Many Santa Barbara County residents who live near areas burned by the Thomas, Sherpa, and Whittier fires were required to evacuate their homes by 8 p.m. Monday night, after local officials said expected storm conditions are putting these areas at "extreme risk" for debris flow.
The county saw a deadly onslaught of mudslides in January after rain triggered debris flow that blocked the 101 Freeway in the area for two weeks. Mandatory evacuations were also ordered this earlier this month when storm conditions again set off fears of another devastating disaster.
County officials have released an evacuation map showing what areas are at greatest risk, with those living in red areas said to be at "extreme risk" and under mandatory evacuations. Those areas are located near where wildfires such as the catastrophic Thomas Fire burned, leaving them vulnerable to debris flow.
The Thomas Fire also affected Ventura County, where authorities issued a voluntary evacuation order for the Matilija Canyon and North Fork communities effective Tuesday at 7 a.m.
Santa Barbara County officials have told residents to look through emergency information at ReadySBC.org.
Meanwhile, the yellow areas on the map are considered "high risk" but are not facing mandatory evacuations.
There is potential for some areas to see more than half an inch of rainfall per hour — the threshold at which debris flow is expected once it's surpassed, according to Santa Barbara County officials, who cited National Weather Services estimates.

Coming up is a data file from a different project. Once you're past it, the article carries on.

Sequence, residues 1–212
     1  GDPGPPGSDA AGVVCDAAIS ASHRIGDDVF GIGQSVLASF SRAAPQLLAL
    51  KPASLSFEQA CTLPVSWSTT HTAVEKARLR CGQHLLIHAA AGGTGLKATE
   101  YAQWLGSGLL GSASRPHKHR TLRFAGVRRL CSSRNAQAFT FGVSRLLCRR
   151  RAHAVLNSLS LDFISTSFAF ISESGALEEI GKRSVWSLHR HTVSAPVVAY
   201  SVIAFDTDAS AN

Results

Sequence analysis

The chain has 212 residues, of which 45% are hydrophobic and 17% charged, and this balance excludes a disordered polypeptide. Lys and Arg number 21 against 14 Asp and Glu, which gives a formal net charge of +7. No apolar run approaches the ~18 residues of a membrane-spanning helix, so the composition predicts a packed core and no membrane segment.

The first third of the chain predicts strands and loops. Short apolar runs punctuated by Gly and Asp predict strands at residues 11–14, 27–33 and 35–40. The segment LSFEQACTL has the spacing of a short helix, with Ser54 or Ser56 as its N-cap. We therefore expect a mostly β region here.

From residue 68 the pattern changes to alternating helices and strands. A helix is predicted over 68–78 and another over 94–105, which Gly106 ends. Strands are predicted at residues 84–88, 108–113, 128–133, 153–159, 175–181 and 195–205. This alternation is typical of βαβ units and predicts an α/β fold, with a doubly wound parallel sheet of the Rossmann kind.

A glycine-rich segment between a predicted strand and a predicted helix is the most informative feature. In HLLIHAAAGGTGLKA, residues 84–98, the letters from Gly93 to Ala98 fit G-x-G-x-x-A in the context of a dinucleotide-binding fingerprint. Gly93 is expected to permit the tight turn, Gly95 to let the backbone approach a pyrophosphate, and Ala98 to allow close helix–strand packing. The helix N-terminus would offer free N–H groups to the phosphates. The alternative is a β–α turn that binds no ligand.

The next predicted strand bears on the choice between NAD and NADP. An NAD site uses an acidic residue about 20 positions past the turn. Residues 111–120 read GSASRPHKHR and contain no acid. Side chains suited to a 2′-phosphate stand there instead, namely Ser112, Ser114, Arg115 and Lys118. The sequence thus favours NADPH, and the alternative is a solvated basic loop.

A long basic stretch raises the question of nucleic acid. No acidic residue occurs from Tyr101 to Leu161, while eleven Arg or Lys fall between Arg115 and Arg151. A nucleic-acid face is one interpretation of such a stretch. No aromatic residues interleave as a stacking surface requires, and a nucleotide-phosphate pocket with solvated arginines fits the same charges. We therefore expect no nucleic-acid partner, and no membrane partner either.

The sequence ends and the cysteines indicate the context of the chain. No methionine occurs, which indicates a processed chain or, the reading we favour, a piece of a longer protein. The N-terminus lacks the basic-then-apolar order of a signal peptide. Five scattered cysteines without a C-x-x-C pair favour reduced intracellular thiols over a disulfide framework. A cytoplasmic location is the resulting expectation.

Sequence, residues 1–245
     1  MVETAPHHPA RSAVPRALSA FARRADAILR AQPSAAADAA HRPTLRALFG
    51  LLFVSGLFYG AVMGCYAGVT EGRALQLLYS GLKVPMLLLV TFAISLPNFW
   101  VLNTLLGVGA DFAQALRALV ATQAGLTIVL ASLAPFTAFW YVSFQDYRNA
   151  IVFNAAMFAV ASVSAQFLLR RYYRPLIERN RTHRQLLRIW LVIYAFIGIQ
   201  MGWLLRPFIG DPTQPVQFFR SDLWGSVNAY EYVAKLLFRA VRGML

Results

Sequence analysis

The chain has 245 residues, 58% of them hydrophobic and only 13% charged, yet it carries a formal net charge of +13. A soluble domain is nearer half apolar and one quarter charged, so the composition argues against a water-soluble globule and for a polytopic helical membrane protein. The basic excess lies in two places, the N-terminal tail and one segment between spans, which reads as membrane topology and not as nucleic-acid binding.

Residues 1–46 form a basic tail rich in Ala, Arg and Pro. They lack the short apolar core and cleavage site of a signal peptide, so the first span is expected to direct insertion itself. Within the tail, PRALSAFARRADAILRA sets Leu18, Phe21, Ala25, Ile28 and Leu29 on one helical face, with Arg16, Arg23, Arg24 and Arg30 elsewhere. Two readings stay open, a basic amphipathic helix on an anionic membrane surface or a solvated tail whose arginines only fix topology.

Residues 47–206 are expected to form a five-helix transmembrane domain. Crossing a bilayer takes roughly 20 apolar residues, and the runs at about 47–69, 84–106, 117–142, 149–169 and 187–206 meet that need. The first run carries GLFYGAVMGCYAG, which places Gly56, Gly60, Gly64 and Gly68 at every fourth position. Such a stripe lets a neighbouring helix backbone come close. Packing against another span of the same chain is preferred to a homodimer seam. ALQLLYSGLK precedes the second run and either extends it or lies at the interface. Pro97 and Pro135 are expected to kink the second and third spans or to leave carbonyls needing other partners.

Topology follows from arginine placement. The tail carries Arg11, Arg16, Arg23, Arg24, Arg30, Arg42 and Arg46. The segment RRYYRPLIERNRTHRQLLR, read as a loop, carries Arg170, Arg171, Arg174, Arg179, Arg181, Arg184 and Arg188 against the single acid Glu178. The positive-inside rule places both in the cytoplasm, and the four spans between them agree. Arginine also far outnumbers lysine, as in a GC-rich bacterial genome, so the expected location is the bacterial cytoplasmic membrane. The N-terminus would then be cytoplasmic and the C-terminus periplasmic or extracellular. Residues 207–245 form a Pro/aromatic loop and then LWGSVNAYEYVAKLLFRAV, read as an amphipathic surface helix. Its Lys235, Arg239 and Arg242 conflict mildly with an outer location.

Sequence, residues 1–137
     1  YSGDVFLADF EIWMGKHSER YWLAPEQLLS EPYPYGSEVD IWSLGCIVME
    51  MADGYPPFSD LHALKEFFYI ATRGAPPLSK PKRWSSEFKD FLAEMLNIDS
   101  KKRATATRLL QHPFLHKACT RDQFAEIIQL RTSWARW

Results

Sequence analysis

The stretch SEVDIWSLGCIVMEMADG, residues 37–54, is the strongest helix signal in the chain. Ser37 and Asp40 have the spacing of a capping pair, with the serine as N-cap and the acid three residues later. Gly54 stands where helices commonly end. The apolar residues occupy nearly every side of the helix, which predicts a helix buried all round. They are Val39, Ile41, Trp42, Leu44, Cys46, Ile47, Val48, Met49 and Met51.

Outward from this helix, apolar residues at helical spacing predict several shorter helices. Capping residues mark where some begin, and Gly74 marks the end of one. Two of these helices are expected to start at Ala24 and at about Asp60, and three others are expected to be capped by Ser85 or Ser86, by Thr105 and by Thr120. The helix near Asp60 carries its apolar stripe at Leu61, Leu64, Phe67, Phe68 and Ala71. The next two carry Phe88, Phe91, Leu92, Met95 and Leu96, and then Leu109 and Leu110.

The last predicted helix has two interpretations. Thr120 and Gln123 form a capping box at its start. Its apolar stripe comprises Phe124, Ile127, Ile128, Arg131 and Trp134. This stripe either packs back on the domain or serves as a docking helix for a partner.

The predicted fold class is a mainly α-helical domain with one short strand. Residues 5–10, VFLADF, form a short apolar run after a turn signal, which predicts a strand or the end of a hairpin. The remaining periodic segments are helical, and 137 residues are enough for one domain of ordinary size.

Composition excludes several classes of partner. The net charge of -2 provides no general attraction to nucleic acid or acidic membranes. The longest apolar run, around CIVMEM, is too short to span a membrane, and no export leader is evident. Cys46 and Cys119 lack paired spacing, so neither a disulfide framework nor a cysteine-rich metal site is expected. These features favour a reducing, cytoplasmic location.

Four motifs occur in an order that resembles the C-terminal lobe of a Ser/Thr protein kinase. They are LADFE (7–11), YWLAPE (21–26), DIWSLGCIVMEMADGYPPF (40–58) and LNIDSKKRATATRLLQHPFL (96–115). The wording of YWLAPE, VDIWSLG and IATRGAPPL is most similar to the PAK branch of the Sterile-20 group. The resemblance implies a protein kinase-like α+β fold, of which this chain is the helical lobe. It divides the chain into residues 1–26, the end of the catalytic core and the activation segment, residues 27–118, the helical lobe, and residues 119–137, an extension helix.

There may even be seven-tenths of an inch of rainfall per hour in some areas, officials said during a news conference.
"We will not be able to notify everyone in person," county Sheriff Bill Brown said during a news conference on the evacuation orders, explaining notifications may not possible due to the sheer breadth of evacuations.
"Please do not wait for someone to come to your door and contact you in person to tell you to leave," Brown said.
The yellow areas seen in the evacuation map are only under a "recommended evacuation warning," county officials said, although they are still at risk for flooding or "being cut off from services and utilities."
People "with access and functional needs" — such as those with disabilities — or owners of large animals should seriously consider evacuating if they live in the yellow areas, officials said.
On the evacuation map, there are patches of red and yellow areas seen along the region from just south of Carpinteria and north up to the area around Montecito, where the mudslides earlier this year left over a dozen people dead in their trail of destruction.
Those prior mudslides came with heavy rainfall hitting areas left scorched and barren by the Thomas Fire, now considered the largest California wildfire on record.
"Officials will return individuals to their homes as soon as it is safe to do so," county officials said, advising residents to look at the evacuation boundaries map at ReadySBC.org if they are looking for further clarification.
Anyone needing assistance with evacuating large and small animals can contact Santa Barbara County Animal Services at 805-681-4332.
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